I. Four uses of the Word in Teaching:
II. What exposition is NOT:
Expository teaching addresses a "real-life" situation in terms of a specific block of Scripture so that:
IV. Advantages of Expository Teaching
V. Prerequisites For Effective Exposition
VI. Basic Questions in Effective Exposition
A. What is the context? 1. Background issues 2. Foreground development 3. Immediate setting a. How does this text fit into the author's design? 1) How does it tie into preceding paragraphs? 2) How does it feed into ensuing paragraphs? b. What key words link this text to other sections of the book? B. Why this passage? Why was it included? 1. Is it central to author's primary message? Or secondary? 2. What does it tell us about his underlying purpose in writing? 3. In the case of narrative or material from the Gospels: a. Why did the author choose to relate this story? b. Why did he choose to put it at this place? c. How does it carry forward his overall design? C. What is the basic argumentation of the passage? 1. What are the principal "connecting" phrases? 2. What are the principal "contrasting" phrases? 3. In one simple sentence, what is the thrust of the passage? D. What are contemporary equivalents to the background issues or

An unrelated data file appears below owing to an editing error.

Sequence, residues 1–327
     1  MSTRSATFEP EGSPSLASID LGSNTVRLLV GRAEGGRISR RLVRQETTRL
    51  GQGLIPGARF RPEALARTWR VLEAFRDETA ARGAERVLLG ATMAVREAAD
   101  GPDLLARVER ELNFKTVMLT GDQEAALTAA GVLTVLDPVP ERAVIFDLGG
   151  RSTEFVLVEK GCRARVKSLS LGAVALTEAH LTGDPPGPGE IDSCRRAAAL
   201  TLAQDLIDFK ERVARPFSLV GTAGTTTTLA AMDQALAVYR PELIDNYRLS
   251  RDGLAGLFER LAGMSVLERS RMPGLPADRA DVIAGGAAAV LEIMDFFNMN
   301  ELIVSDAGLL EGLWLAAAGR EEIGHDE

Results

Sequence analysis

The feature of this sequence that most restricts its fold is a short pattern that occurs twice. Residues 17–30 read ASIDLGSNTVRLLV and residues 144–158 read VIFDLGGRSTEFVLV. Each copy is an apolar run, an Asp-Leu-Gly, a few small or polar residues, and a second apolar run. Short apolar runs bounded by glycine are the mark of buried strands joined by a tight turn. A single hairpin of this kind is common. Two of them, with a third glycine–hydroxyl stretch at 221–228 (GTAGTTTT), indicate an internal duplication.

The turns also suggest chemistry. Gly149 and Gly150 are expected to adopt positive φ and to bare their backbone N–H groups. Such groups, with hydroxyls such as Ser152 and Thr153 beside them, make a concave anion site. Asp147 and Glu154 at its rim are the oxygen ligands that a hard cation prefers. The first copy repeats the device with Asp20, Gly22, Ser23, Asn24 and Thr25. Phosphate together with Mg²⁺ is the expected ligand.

underlying questions addressed in this passage? E. What issues does this passage raise for contemporary Christians? 1. Doctrinal issues. 2. Attitudinal issues. 3. Ethical issues. 4. Relational issues. F. What do I expect my student to do THIS WEEK as a result of this lesson?